Conclusions and future trends

This work sets out a comprehensive review of catalytic pyrolysis centred on the production of fuel oils for use in transportation and energy production. An overview of pyrolysis economics is given and the environmental requirement to generate fuels that are environmentally benign. It should be stressed that catalytic pyrolysis should be viewed as a ‘refinement’ of thermal pyrolysis. The products of conventional thermal pyrolysis are a bio-oil that can be combusted in turbines and boilers but has less value for transportation because of its stability and quality. Catalytic pyrolysis can be viewed as a technique to upgrade the pyrolysis products to transportation fuel quality. This is important because transport accounts for around 70% of all fossil fuel use. Pyrolysis is a sustainable technology using waste materials, fast-growing low value crops and other organic materials such as polymers that can only be recycled at considerable cost. It can be almost carbon neutral and through combustion of waste pyrolysis products such as char and gas the process costs can be reduced to effectively zero (since pyrolysis is an endothermic process). Methods and techniques in the general area of pyrolysis are reviewed in order to introduce the technology and science of catalysed pyrolysis. A thorough review of the science of catalytic pyrolysis, the process methodology and the catalyst and feedstocks are provided.

The development of catalytic pyrolysis into a common and widespread commercial technology is reliant on a number of factors. The construction of pyrolysis plants is capital intensive and profitability requires the products to be competitive against fossil fuel prices or to be preferentially marketed with proactive government subsidies. However, it is clear that the increasing cost and shortages of crude oil will necessitate the development of new fuels akin to petrol/gasoline and diesel. It seems likely that the depletion of fossil fuel sources coupled to increased energy demand will ensure the uptake of new and emerging technologies such as pyrolysis. Whilst it is generally accepted that bio-fuels will become an increasingly important component of global energy strategy, there are a number of parallel and competitive technologies for generation of biofuels. Pyrolysis has considerable advantages over some of these competitive techniques such as fermentation and bio-degradation because it is closer to market and is based on well-established and large scale methods used in the petroleum industry. Pyrolysis also offers considerable advantage in that it does not place further pressures on food security as it does not require sugar-rich crops. It should also be noted that catalytic pyrolysis products are a direct replacement for current energy/transportation fuels and do not necessitate any costly technological development of turbines, boilers or internal combustion engines. In many cases and in properly controlled processes, the catalytic pyrolysis products are indistinguishable from conventional petroleum products and can be distributed through existing infrastructure and retailers. This is a major cost advantage over alternative energy sources such as hydrogen. The choice of biofuel technology will also be partly dependent on the local environment and it is likely that pyrolysis will not be a universal solution. For example in a country that has no facilities for cost-effective recycling of waste polymers, pyrolysis may be a very attractive possibility reducing land-fill, transportation and energy costs. Pyrolysis may also be a preferred option if there are large areas of non-arable land where low-value, fast-growing, sustainable energy crops such as miscanthus and switch grass can be readily grown and harvested. Further, areas highly dependent on forestry and agriculture where significant amounts of waste are generated may find pyrolysis a useful technology. One further advantage of pyrolysis is that it is highly scalable and plants can be designed and constructed to process tonnes to thousands of tonnes of feedstock per day.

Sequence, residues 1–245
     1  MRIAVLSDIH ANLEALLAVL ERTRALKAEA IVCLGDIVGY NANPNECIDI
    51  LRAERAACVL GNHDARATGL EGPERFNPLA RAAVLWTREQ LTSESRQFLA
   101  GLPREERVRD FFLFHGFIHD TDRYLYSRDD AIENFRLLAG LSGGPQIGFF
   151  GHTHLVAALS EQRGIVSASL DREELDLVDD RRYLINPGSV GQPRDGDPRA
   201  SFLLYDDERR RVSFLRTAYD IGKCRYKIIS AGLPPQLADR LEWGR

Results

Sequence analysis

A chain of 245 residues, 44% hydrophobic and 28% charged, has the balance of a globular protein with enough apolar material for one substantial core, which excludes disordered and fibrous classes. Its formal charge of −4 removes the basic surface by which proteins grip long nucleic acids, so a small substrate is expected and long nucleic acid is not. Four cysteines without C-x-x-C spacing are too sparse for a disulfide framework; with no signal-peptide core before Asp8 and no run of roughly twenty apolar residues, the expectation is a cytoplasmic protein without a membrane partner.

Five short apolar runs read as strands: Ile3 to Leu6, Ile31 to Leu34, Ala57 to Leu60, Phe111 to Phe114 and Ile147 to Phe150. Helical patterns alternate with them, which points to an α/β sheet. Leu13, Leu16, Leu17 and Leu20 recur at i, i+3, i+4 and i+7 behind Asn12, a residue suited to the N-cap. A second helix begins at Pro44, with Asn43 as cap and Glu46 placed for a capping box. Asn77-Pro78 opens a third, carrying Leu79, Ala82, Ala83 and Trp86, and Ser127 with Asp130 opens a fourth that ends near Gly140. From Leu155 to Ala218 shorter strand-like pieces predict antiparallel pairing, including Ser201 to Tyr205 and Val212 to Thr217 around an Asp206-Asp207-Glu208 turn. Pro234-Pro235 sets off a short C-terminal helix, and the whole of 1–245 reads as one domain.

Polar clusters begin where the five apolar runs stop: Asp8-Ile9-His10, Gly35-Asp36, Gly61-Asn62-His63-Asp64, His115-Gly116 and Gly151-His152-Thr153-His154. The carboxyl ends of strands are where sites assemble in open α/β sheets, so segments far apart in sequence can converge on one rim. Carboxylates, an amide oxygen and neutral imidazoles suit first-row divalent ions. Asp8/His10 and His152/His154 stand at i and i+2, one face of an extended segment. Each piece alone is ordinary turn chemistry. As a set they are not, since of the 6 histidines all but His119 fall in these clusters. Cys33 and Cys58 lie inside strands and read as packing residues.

It should not be thought that catalytic pyrolysis is unproven on the commercial scale; it is at an advanced stage of development and, in all likelihood, will become ever more important. Commercial scale plants operate in China due to a shortage of crude oil and the poor quality of China’s oil stocks. The uptake of pyrolysis technology in China has been reviewed.141 Progress in pyrolysis has been rapid, Envergent Technologies now offers commercial technology to prospective partners.230 Envergent Technologies is a Honeywell company that combines pyrolysis expertise (Ensyn Corp.) with petroleum refining and process technology from UOP which have been leaders in refining and catalyst technologies for over 100 years. Evergent offers a fast pyrolysis process for biomass (forestry, paper manufacture and agricultural waste materials) via a circulating transported FBR system similar to the one used in conventional petroleum cracking technologies. The production of transportation grade fuels is via a secondary upgrading process using hydroprocessing technology. This technology is expected to be available for licensing of large scale production (2000 tonnes per day) from 2012. In November 2009, Envergent Technologies announced a partnership with the Italian power company Industria e Innovazione for the development of a facility to convert biomass (pine forest residue and waste wood from construction) into pyrolysis oil for renewable power generation. Whilst the planned plant is only of the scale 150 tonnes per day, it represents a major step in commercialising pyrolysis. It thus seems that pyrolysis and catalytic pyrolysis will truly be an emerging technology. Further research and development are required to maximise yields from many sources and provide catalysts of improved efficacy but the technique and methods have been established for both commercial and environmental exploitation.